Drug overdoses have been rising steadily in the United States for the past decade, and it’s most the result of opiate use. National Public Radio reported earlier this week that one organization is using instant drug test kits to try to reduce the rate of overdose and help opiate users to stay as safe as possible while they are active in addiction.
Experimental Harm Reduction Using Instant Drug Test Kits
One of the major causes of the high numbers of fatal overdoses in the United States is widespread opiate use. In fact, according to the Centers for Disease Control and Prevention, over sixty percent of the half million fatal drug overdoses that have occurred nationwide since 2000 involved the use of opiates (CDC.) Opiate deaths have increased by 200% since 2000, according to the CDC. Of course, this statistic includes overdoses caused by prescription painkillers, but the instant drug test kits are being used to specifically target overdoses caused by heroin.
Using heroin has become even more dangerous recently because of the spread of fentanyl and fentanyl analogs into the nation’s heroin supply. These opiate chemicals cause the same effects as heroin and other opiates, but they tend to be much stronger and have a higher potential to cause an overdose.
According to the Drug Enforcement Administration, drugs like fentanyl and carfentanil are often produced in overseas labs and sold online to dealers in the United States. Then, they are used to “cut” the heroin supply to make it stretch. This way, dealers can sell more of their product and make more profit. However, these drugs tend to be far more powerful than heroin itself and can cause fatal overdoses in very small amounts. For example, fentanyl can be up to fifty times more powerful than heroin (CNN.) When a user buys heroin that actually contains fentanyl, they are at a much greater risk of death.
To help drug users avoid fatally overdosing on heroin, the organization St. Ann’s Corner of Harm Reduction, located in the Bronx, is passing out instant drug test kits to users (NPR.) The instant drug test kits test substances for the presence of fentanyl. By handing out these tools to users, the group hopes that they can help prevent fatal overdoses by encouraging users to avoid drugs mixed with fentanyl or to, at the very least, exercise extreme caution when using fentanyl-tainted heroin.
Harm reduction is the philosophy that reducing the risks associated with dangerous or illegal behavior can help protect vulnerable populations. Advocates believe that if people are going to engage in these activities either way (such as inject heroin), that it is worthwhile to try to mitigate the risks and keep them alive. In fact, it’s only by keeping users alive that we have any hope of getting them comprehensive treatment, advocates argue. In addition to instant drug test kits, other harm reduction measures include:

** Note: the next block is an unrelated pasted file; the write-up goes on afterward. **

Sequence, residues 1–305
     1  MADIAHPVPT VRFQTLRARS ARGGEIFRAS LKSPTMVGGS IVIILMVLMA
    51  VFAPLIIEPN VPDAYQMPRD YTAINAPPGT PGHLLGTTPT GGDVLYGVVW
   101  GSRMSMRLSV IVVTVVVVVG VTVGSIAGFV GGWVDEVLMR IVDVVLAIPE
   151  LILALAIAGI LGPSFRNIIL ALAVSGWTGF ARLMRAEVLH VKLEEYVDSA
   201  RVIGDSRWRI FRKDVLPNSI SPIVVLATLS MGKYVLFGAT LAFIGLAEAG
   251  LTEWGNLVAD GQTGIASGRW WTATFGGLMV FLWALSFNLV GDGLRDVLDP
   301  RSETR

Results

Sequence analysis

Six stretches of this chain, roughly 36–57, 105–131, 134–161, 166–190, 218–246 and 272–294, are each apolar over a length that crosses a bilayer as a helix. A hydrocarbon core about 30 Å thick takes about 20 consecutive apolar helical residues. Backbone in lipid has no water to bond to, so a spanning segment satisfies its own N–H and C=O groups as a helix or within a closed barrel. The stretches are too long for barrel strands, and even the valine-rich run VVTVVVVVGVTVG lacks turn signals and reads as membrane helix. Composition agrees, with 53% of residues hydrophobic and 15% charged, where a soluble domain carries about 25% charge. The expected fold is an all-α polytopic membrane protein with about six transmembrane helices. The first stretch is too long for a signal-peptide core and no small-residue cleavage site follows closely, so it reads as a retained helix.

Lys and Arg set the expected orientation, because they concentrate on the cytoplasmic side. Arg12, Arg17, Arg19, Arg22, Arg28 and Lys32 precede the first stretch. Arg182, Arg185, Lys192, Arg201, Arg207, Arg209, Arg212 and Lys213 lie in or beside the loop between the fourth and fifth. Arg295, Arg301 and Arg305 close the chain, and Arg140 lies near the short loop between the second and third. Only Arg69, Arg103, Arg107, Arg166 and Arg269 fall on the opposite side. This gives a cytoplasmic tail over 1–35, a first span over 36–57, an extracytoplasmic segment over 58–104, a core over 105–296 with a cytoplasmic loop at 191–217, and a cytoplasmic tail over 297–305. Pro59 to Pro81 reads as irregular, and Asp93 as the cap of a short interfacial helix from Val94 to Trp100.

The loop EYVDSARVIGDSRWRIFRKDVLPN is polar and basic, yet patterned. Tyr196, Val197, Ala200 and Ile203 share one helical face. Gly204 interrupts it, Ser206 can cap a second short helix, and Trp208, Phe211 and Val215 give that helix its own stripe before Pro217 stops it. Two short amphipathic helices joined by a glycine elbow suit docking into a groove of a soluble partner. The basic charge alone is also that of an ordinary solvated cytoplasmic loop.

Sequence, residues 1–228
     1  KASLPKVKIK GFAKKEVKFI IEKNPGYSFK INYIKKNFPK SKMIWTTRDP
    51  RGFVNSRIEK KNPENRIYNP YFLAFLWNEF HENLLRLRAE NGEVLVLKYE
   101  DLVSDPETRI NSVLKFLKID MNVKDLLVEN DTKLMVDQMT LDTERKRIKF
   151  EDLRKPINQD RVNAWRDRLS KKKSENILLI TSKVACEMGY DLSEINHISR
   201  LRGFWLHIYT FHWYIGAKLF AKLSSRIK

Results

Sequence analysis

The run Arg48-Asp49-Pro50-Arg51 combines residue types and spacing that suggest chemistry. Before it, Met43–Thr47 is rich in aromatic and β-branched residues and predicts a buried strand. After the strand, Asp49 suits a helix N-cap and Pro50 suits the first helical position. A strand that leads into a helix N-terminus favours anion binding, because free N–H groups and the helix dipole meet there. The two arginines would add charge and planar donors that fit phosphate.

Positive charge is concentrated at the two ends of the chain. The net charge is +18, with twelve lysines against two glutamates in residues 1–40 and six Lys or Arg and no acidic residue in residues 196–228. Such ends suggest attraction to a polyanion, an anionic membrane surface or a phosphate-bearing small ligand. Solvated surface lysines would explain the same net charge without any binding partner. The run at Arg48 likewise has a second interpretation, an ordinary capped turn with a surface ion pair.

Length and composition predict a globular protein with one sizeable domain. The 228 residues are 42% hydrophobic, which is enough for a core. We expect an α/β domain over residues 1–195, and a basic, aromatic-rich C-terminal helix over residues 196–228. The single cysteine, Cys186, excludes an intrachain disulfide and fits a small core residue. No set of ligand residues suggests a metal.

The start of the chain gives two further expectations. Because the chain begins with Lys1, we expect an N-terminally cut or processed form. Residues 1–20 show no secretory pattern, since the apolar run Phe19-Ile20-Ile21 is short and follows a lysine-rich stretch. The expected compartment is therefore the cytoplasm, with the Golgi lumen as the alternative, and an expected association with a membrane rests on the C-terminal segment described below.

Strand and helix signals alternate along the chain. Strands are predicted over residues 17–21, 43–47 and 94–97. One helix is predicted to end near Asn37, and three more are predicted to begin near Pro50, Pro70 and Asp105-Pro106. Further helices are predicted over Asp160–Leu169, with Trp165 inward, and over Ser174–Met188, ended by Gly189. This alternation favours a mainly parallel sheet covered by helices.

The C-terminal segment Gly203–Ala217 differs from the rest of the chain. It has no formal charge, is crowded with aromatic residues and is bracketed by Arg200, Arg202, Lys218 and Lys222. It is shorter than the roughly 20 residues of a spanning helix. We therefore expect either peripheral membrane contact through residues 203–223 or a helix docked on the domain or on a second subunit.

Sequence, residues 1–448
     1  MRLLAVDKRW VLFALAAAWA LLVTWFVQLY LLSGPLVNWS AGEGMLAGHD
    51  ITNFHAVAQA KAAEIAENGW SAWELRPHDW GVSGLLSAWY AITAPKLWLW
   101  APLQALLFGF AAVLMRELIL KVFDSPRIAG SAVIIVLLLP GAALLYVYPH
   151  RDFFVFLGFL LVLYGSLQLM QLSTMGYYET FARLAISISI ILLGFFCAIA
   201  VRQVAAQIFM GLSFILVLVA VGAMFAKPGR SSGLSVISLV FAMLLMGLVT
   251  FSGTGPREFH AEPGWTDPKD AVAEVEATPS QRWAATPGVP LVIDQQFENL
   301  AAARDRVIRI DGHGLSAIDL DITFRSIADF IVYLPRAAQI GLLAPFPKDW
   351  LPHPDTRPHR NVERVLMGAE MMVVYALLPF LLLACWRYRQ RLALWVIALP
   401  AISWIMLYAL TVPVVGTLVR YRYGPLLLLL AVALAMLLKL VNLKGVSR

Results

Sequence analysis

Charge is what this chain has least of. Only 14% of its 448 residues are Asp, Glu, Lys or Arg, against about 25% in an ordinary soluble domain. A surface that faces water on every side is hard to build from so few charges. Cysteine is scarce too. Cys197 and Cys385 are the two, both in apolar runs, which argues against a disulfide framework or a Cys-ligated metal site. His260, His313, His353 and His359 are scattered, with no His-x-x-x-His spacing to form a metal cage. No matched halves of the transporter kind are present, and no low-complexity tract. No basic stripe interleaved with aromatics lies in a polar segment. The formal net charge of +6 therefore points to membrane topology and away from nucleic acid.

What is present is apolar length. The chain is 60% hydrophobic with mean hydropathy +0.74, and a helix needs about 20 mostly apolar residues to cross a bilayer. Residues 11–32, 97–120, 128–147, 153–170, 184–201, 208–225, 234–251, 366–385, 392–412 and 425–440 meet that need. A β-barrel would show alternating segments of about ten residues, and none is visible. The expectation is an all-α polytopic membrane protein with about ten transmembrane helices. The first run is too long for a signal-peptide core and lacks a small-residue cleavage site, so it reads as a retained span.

- Needle exchanges
- Safe injection sites
- Narcan accessibility programs and training
The use of instant drug test kits may protect users who don’t know exactly what they are buying when they purchase heroin and prevent fatal overdoses on these drugs.
The Truth About Heroin
While instant drug test kits may protect some users, the truth is that we can never really know what is in illegally purchased drugs. For example, the instant drug test kits distributed by St. Ann’s test for fentanyl but they don’t test for carfentanil. That means that even if a batch tests negative for fentanyl, it can still contain other deadly chemicals.
Unfortunately, even with the use of instant drug test kits, some addicts will still choose to use heroin that contains fentanyl because the power of addiction is so strong. That brings up another point- even if the drugs only contain heroin, they can still be incredibly deadly. Sadly, for people trapped in the disease of addiction, the fear of consequences- even death- are sometimes not enough to prevent them from using.
Instant drug test kits may save some lives, and that is cause for celebration. However, the truth is that heroin, fentanyl, and other addictive drugs do kill users every single day. The only surefire way to avoid this consequence is to stop using these drugs altogether, but that can be nearly impossible without help. For people who do suffer from addiction and who want to stop, All About Recovery offers comprehensive addiction treatment programs. For more information, call today at 888-712-8480.